Strength in the Midst of Chaos: Cultivating Mindfulness in Trying Times

How ancient practices helped one woman overcome a modern ailment.

Yoga isn’t all about tuning out the world—sometimes it’s about figuring a way to live in it. For Sushma Patel, Communications Manager at Ford Motor Company and yoga educator, the discovery of yoga came at a time of immense physical and emotional pain. In 2007, Patel suffered an injury that left her unable to walk.

“What should have been a minor injury evolved over two years into a total collapse of my physical, emotional, and mental wellbeing,” says Sushma. After years of immobility and innumerable doctor visits, she was exhausted. Deciding that it was time to search for an alternative method of healing, she traveled to India. There she met a guru who instructed her to practice Nadi Shodhana pranayama (Alternate Nostril Breathing) each morning. After just five days, Patel was able to walk again.

On the surface, Sushma’s story may seem miraculous. Was it possible that after years of immobility, she was suddenly able walk again, after just five days of breathing practices? From the standpoint of Western medicine, it seems incomprehensible that such healing could come from within, after so many doctors had tried and failed to provide treatment. In the yogic philosophy, suffering is inevitable. It is not something to be treated after the fact, rather it is something to be approached mindfully from within.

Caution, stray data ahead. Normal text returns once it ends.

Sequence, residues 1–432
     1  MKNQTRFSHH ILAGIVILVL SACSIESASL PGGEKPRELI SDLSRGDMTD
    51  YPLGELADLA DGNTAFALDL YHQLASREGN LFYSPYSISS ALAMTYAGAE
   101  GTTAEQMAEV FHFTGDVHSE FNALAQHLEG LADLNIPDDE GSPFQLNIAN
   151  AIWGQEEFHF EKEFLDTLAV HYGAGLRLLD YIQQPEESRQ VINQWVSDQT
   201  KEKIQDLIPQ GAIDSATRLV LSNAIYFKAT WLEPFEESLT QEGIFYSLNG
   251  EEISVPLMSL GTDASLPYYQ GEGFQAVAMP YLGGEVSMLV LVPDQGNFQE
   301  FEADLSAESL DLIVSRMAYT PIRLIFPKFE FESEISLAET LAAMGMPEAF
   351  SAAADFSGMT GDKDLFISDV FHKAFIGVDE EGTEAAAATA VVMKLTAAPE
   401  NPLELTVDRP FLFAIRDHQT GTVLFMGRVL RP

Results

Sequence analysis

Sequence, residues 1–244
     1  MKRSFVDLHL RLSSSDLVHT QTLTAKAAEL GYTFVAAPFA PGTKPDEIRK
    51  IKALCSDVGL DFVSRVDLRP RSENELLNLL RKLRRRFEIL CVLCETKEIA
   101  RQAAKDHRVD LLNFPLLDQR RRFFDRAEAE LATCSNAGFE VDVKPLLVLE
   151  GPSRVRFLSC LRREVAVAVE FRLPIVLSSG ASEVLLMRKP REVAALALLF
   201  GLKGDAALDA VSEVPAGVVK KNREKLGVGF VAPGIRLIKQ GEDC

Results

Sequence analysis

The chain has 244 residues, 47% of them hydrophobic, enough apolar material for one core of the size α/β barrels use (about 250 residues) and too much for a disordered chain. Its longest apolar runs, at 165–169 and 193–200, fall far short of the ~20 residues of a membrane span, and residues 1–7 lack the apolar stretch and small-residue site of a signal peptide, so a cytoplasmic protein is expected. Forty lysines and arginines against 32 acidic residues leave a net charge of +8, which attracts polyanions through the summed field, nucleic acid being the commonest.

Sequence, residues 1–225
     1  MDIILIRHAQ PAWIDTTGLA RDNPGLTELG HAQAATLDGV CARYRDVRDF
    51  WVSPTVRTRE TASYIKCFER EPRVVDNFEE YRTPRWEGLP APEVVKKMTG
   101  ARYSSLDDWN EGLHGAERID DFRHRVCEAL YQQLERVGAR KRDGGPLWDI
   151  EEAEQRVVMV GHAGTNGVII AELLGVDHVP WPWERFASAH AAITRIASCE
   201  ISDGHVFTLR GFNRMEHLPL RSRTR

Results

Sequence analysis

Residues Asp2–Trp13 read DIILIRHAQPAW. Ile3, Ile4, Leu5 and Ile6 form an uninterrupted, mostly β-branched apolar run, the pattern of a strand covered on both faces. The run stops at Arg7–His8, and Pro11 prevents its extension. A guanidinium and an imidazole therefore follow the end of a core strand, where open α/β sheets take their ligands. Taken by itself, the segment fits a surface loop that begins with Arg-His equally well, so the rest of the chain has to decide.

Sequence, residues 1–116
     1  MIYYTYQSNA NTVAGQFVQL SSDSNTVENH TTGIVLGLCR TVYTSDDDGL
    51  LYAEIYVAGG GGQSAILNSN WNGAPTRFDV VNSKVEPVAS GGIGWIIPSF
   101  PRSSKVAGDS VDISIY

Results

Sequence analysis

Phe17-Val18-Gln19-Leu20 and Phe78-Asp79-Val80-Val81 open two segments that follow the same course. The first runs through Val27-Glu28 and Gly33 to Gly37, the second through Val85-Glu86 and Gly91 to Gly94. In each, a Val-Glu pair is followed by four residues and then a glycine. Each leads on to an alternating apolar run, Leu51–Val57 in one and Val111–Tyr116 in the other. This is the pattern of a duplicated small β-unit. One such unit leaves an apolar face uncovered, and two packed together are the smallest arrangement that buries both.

Integrating Practice on a Cellular Level

The benefits of the yogic practice permeate not just on a spiritual level, but on a cellular level as well. Patanjali’s Yoga Sutra II.16 (Heyan duhkham anagatam) directs us to “prevent the suffering that is yet to come.” The word “duhkham,” or suffering, refers to a physical manifestation of imbalance, and translates literally to “constriction in the heart area.” We carry immense emotional stress in our bodies, and the symptoms show up physically. Without detoxifying and balancing our organs through pranayama and Ayurvedic techniques, we can be afflicted with ailments.

“People suffer at all points in their life, whether they’re young or old,” says Sushma. “For some reason I was meant to go through this 4-year period, and in hindsight I think that it’s so that I can make these tools available to people.”

After returning from India, Sushma integrated the practices of pranayama and Ayurveda into her daily life. She didn’t quit her job or upheave her entire lifestyle—she simply began taking a mindful approach to her well-being. “I didn’t have to think twice about continuing with these practices” she says, “they are a part of who I am now… As important as brushing my teeth or taking a shower before work.”